The Saver's Credit

The Saver's Credit (formerly called the Retirement Savings Contributions Credit) provides a tax incentive for low and moderate-income earners to save for retirement. A tax credit is available, which can reduce your taxes or add to your refund.

Depending of your adjusted gross income and tax filing status, you can claim the credit for 50%, 20%, or 10% of the first $2,000 you contribute during the year to a retirement account. Therefore, the maximum credit amounts that can be claimed are $1,000, $400 or $200 (the maximum credit is double these amounts if you're married filing jointly). For example, if you contribute $2,000 to your 401(k) and your spouse contributes $2,000 to her 401(k), and you file jointly, the maximum credit would be $2,000 (50% x $4,000).

Keep in mind, the Saver's Credit is a non-refundable credit. This means, it can reduce the tax you owe to zero, but it does not provide you with a tax refund for the amount of the credit that exceeds the amount of tax you owe.

You can claim the Saver's Credit for contributions to a 401(k), 403(b), 457 plan, a Simple IRA or SEP IRA. Note that you cannot claim your employer's contributions to these accounts. You can also claim the Saver's Credit for contributions to your traditional IRA or Roth IRA.

The credit amount is based on the taxpayer's:

  • Filing status
  • Adjusted gross income
  • Tax liability
  • Amount contributed to qualifying retirement programs.

Maximum 2016 Adjusted Gross Income for Saver's Credit Eligibility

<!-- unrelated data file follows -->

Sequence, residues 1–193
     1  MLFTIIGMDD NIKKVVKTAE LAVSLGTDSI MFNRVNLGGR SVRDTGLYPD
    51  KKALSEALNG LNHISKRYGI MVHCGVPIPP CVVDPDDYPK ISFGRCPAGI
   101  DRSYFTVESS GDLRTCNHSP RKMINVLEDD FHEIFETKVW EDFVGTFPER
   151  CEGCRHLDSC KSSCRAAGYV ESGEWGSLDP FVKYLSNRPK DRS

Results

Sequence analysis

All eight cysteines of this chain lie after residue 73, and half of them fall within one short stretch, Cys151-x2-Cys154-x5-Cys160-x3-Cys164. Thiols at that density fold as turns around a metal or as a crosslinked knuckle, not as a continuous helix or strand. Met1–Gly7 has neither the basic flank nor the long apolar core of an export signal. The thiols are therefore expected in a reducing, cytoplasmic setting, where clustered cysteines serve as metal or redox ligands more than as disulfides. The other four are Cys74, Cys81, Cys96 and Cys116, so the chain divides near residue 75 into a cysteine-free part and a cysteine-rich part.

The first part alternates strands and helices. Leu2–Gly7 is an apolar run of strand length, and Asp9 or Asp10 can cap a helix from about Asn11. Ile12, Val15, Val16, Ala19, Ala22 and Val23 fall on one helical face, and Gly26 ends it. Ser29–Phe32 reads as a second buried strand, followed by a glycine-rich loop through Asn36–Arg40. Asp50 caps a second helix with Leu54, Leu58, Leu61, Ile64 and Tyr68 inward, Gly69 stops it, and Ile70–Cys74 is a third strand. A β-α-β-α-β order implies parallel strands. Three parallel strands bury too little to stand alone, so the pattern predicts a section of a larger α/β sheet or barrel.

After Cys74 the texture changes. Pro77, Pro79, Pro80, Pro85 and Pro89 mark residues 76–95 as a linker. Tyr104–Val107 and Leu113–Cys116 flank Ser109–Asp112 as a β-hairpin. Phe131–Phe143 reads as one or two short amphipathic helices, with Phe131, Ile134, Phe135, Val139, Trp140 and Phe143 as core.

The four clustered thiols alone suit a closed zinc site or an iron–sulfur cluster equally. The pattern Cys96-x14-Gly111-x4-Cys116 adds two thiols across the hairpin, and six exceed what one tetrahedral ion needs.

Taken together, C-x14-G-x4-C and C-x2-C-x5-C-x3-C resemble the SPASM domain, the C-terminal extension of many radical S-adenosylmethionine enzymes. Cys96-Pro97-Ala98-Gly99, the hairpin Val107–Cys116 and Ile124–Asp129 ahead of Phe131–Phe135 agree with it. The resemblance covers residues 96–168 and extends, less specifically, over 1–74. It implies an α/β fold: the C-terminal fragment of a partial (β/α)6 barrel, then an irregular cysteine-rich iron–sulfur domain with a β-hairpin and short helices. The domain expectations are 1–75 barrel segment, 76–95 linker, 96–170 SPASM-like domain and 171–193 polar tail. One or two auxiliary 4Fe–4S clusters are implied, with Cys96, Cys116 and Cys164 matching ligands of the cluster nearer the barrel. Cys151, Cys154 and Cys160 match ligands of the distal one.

Credit Rate Married Filing Jointly Head of Household Single, Married Filing Separately, or Qualifying Widow or Widower
50% up to $37,000 up to $27,750 up to $18,500
20% $37,001 - $40,000 $27,751 - $30,000 $18,501 - $20,000
10% $40,001 - $61,500 $30,001 - $46,125 $20,001 - $30,750
0% over $61,500 over $46,125 over $30,750

Special rules:

  • Eligible taxpayers must be at least 18 years of age.
  • Anyone claimed as a dependent on someone else’s return cannot take the credit.
  • A student cannot take the credit. A person enrolled as a full-time student during any part of 5 calendar months during the year is considered a student.
  • Your retirement contribution must have been made during the tax year for which you are filing your return.
  • You must meet the income requirements.

How to Claim the Saver's Credit

Form 8880 is used to claim the saver’s credit, and its instructions have details on figuring the credit correctly.

You can only claim the creidit if you use form 1040, 1040A or 1040NR to file your federal tax return. Although IRS instructions include information about the Saver's Credit in the instructions for 1040EZ, those instructions direct you to a different form. You can't use Form 1040EZ to claim the Saver's Credit.

Historical Note

Begun in 2002 as a temporary provision, the saver’s credit was made a permanent part of the tax code in legislation enacted in 2006. To help preserve the value of the credit, income limits are now adjusted annually to keep pace with inflation.

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